Estuaries: Ways of Knowing
Elastic bind, 10,5 x 21 cm, Riso printed, 32p.
Published by ARIAS, Platform for Research through the Arts and Sciences, June 2021
Through exchanging words, images, and possible other mail attachments, ARIAS wondered within its network what were the shifting grounds in research and more precisely in its resources. Ways of knowing are evolving through disturbing the dominant hierarchies of knowledge creation and circulation. Research is reinventing itself from today’s urgencies of having multiple voices within the common discourse. What is considered known, especially within academic frameworks, to still be thought through non-dominant and non-western ideologies? The creation of knowledge has excluded multiple voices while appropriating and studying them in a colonial approach. Truth is ambiguous, can be manipulated and countered. Truth doesn’t exist in a finalised state, yet is rather an endless process of incertitude, and exists out of many possible truths. This opens up research to being revisited, questioned, and studied over and over again. Knowledge circulated around and within universities is being questioned by different perspectives than the one who has created them.
By leaving the word to the ARIAS network, the foundation of Estuaries is set on dialogue processes. ARIAS reflected on what the future of knowledge looked like and how those urgencies resurge in research fields. Asking questions, with multiple or no answers possible, mapped out the steady streams of knowledge circulation. Inspired by the research inquiry developed by philosophers Vinciane Despret and Isabelle Stengers in their book Women Who Make A Fuss (2014), in which they approach different female scholars with a very interesting point of view: Rather than asking them ‘as women’ questions, they ask ‘which question would you ask women’ – which creates a much more active reflexive state to enter the dialogue. ARIAS initiated an e-mail conversation on the evaluation of ‘what we think we know’ and ‘how we think we know it’ and to ask: how does this interfere within art, sciences and research?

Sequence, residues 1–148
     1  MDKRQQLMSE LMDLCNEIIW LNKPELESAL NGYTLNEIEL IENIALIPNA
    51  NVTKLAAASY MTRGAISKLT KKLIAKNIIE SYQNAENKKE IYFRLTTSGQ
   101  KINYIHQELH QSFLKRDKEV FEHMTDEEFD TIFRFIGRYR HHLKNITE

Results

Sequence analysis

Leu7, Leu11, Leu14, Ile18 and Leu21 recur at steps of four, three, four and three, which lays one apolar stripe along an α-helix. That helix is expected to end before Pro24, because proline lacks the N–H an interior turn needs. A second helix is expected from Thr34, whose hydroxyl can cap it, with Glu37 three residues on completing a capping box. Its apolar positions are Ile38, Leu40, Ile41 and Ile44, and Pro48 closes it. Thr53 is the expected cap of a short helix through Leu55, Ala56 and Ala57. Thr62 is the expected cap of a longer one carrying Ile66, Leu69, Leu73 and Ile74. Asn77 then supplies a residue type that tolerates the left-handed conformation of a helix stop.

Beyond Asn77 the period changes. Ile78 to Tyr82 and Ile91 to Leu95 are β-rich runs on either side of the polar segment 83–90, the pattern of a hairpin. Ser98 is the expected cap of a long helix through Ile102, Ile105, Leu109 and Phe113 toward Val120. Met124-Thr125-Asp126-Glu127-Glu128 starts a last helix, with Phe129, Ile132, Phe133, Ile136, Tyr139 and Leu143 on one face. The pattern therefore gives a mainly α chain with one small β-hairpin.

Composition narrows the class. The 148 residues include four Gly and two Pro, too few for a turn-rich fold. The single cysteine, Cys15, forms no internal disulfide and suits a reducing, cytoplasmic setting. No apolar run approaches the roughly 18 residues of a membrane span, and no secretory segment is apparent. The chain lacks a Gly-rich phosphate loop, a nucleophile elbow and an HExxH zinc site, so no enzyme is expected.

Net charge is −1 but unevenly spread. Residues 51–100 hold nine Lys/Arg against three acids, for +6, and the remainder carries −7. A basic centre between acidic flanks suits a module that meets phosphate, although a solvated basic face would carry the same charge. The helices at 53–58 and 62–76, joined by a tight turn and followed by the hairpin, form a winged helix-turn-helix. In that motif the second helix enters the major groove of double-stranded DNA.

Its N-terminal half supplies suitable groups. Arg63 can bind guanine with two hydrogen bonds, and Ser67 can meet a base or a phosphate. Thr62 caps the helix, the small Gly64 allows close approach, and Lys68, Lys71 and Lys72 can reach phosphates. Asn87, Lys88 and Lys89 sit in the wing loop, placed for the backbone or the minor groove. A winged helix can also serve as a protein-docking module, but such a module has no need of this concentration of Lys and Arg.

By investigating first on a more personal level through conversations, ARIAS invited artists <—> researchers to exchange their struggles and questions with each other. Through the e-mail format, images and sound were included and focused on the written thoughts than on speech. Rather than requesting their approach to knowledge, the network were asked to wonder what questions should be asked to other researchers. The conversations also developed on encounters with knowledge through other situations than the academic framework: personal, random, ‘by chance’ or other inquiries.